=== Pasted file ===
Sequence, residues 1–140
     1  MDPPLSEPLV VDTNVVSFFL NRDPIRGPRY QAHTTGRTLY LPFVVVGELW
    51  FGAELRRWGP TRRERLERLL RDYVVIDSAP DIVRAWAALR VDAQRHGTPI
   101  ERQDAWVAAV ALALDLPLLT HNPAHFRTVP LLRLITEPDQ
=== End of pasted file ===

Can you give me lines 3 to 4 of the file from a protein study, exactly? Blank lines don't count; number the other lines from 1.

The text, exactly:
    51  FGAELRRWGP TRRERLERLL RDYVVIDSAP DIVRAWAALR VDAQRHGTPI
   101  ERQDAWVAAV ALALDLPLLT HNPAHFRTVP LLRLITEPDQ